Results of our study showed that dairies that feed high quality first-milking pooled colostrum can minimize or eliminate the risk of FPT in calves. Furthermore, during times of colostrum shortage, the colostrum supply can be extended by feeding 2 L of first-milking pooled colostrum combined with either 2 L of CDR or 2 L of second-milking pooled colostrum without significant differences in the risk of calves experiencing FPT and preweaning diarrhea or pneumonia.

Conflict of Interests

The Dairy Epidemiology Laboratory (Aly Lab) has previously received funding from The Saskatoon Colostrum Co. Ltd. for research on calf health and colostrum management. Dr. Haines is affiliated with The Saskatoon Colostrum Co. Ltd.; the manufacturer of the product kindly donated for the purpose of this study. Her participation did not influence or bias the performance or presentation of the research described in this paper in any way. No other authors are affiliated with or receive compensation or royalties from The Saskatoon Colostrum Co. Ltd.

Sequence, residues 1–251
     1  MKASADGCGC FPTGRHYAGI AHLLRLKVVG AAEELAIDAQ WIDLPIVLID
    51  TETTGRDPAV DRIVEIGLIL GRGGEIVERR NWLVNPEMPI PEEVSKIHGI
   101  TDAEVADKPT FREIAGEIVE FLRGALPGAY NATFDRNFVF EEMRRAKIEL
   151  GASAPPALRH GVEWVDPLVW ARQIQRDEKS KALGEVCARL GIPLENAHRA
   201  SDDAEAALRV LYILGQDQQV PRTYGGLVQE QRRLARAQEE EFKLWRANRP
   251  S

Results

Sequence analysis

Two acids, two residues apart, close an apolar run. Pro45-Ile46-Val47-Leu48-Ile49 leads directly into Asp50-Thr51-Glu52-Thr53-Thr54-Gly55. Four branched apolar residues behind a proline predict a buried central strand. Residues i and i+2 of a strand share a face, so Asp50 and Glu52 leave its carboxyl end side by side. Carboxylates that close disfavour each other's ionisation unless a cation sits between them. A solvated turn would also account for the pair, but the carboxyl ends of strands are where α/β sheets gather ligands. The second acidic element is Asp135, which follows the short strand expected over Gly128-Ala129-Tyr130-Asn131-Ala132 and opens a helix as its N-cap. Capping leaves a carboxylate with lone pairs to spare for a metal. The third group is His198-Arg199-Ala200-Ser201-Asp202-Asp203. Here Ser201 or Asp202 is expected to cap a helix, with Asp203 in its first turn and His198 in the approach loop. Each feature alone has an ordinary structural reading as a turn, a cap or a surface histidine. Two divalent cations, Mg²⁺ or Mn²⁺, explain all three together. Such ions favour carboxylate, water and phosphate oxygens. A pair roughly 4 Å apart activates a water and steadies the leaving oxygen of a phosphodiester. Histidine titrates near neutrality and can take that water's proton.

Authors’ Contribution

Sharif S. Aly, Patrick Pithua, and Deborah M. Haines designed the trial. Sharif S. Aly and JDC conducted the colostrum management training. Sharif S. Aly, Deniece R. Williams, and Angel Garcia conducted the study and contributed to data collection. Deniece R. Williams and Sharif S. Aly analyzed the data. Deniece R. Williams wrote the first paper draft. Sharif S. Aly and Patrick Pithua wrote the paper. All authors reviewed and provided comments on the paper. All authors approved the final version of the paper.


The authors acknowledge the in-kind donation of the colostrum product and testing of colostrum and serum samples by Saskatchewan colostrum Co. Ltd. The authors thank Drs. Jessica Davis and Mohamed Elramady for their technical assistance during the trial and the dairy management and staff for their cooperation. Funding was provided by Saskatoon Colostrum Co. Ltd. and the Dairy Epidemiology Laboratory (Aly Lab), Veterinary Medicine Teaching and Research Center, School of Veterinary Medicine, University of California, Davis. This paper represents the thesis submitted by Dr. Williams to the University of California at Davis, School of Veterinary Medicine, as partial fulfillment of the requirements for the Master of Preventive Veterinary Medicine Degree.